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General News of Thursday, 26 November 2020


More Ghanaians believe in NPP’s manifesto than NDC’s – UG survey

The New Patriotic Party and National Democratic Congress manifesto The New Patriotic Party and National Democratic Congress manifesto

A survey conducted by the Political Science Department of the University of Ghana ahead of the December 7 elections has revealed that the number of Ghanaians who believe in the manifesto document of the governing New Patriotic Party (NPP) far outweigh those who believe in the document of the main opposition National Democratic Congress (NDC).

Presenting the research findings at an event in Accra on Thursday, November 26, a lecturer at the Political Science Department of the University of Ghana, Dr Kaakyire Frempong, said: “The two most prominent parties, namely the NPP and NDC have used campaign manifestoes to engage the voters to indicate that the election is not about personalities nor ethnic affinity and morality but rather critical issues/programs/future policies that have the capacity to bring changes in voters’ living conditions."

“To this end, the voters examined the contents of the manifestos of the two parties. For 36.9% of the voters, the NDC can bring about the needed change in the lives of the Ghanaian while 49.4% believed that it is the NPP manifesto that has the transforming capacity.”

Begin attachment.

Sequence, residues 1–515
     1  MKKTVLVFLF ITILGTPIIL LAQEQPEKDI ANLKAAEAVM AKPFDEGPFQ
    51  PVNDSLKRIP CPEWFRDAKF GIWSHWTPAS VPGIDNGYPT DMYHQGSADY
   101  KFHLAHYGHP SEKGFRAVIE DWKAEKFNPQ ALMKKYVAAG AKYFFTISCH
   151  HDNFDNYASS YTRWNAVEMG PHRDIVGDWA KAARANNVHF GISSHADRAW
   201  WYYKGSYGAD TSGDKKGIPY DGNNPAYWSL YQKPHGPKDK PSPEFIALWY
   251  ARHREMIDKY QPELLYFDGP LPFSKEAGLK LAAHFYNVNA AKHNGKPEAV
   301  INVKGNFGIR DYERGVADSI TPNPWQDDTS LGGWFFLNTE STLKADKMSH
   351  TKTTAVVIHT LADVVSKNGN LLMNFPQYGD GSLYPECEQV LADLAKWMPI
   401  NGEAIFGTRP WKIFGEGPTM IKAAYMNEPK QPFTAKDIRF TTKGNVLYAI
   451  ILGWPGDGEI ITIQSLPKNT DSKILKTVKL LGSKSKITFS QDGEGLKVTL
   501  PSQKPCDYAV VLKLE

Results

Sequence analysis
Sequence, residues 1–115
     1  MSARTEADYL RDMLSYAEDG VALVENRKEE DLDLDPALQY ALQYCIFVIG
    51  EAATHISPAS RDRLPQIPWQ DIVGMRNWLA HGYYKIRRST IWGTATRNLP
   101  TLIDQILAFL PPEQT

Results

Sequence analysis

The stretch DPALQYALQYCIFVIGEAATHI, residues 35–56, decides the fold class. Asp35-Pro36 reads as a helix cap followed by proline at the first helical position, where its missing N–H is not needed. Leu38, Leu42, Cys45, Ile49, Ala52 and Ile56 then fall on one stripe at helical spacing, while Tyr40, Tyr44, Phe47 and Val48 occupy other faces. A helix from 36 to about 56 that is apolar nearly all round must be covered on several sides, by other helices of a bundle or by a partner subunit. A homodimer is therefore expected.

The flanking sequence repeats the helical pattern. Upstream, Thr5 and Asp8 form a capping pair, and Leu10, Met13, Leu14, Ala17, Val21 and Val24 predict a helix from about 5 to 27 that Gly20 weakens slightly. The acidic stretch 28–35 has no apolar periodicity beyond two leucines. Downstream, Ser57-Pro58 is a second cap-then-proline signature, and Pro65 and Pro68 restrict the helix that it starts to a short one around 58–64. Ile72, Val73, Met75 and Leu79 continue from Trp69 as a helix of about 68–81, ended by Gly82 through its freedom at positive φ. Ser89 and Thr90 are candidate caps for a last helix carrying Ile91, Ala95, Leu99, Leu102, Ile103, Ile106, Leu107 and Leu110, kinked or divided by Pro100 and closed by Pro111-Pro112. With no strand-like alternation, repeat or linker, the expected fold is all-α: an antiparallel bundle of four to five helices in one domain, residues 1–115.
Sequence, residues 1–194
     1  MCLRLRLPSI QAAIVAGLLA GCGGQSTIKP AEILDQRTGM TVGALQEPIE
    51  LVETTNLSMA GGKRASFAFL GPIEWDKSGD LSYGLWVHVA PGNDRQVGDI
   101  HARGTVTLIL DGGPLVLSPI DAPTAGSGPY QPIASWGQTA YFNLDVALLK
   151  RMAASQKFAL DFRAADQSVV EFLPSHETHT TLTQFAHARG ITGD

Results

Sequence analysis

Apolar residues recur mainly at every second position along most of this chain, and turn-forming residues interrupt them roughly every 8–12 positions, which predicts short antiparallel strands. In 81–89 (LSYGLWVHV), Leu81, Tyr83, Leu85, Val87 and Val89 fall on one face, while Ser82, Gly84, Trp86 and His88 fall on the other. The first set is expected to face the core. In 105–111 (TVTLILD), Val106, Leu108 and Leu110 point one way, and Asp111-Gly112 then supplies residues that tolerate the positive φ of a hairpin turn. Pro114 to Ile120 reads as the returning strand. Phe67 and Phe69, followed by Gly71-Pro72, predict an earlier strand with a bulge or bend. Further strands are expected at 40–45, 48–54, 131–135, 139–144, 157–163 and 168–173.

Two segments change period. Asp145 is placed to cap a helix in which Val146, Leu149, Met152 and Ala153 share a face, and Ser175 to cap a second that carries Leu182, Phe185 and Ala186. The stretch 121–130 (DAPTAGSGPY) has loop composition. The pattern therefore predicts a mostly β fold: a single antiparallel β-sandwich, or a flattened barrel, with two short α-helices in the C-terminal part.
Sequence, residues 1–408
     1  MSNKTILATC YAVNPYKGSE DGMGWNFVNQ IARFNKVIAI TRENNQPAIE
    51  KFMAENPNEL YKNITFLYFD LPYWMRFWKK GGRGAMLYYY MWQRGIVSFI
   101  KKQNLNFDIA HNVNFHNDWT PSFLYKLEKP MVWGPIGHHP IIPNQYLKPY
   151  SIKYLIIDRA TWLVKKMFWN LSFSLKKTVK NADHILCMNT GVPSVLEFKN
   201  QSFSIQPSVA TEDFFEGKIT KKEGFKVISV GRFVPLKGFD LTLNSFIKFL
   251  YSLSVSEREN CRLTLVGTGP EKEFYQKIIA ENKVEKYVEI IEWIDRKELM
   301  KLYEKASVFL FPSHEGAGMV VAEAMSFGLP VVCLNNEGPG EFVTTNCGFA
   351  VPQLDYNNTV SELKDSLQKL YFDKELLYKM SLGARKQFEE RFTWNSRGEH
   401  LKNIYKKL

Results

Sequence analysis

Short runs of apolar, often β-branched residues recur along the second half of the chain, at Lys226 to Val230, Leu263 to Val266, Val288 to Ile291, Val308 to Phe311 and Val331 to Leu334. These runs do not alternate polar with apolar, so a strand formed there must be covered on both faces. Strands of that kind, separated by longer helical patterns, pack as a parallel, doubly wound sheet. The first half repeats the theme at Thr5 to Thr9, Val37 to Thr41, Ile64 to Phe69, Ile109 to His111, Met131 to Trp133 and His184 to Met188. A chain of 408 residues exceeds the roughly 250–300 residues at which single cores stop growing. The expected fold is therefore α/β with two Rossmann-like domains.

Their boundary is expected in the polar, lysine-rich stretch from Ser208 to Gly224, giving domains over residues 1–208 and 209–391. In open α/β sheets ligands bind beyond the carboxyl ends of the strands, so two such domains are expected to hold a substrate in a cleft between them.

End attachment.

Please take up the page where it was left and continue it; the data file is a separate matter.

The survey further revealed that that 51.7 percent will vote for President Nana Addo Dankwa Akufo-Addo if the elections were held today.

The survey also noted that some 40.4 percent will vote for the opposition leader, John Dramani Mahama.

A further 1.4 per cent of voters, according to the survey, will vote for the Ghana Union Movement’s Rev. Christian Andrews, also known as Osofo Kyiri Abosom.

The survey, which sampled nearly 12,000 registered voters in 100 swing constituencies across the 16 regions of Ghana, also revealed corruption is not a key determinant for voters in the December 7 elections.

Dr Frempong said many of the voters maintain campaign messages will form the basis for their vote.

He pointed out that 51 percent of voters think incumbent New Patriotic Party (NPP) MPs will retain their seats in Parliament while 35 percent of seats are up for grabs.

Some 13 percent of the voters say MPs are likely to be changed, he said.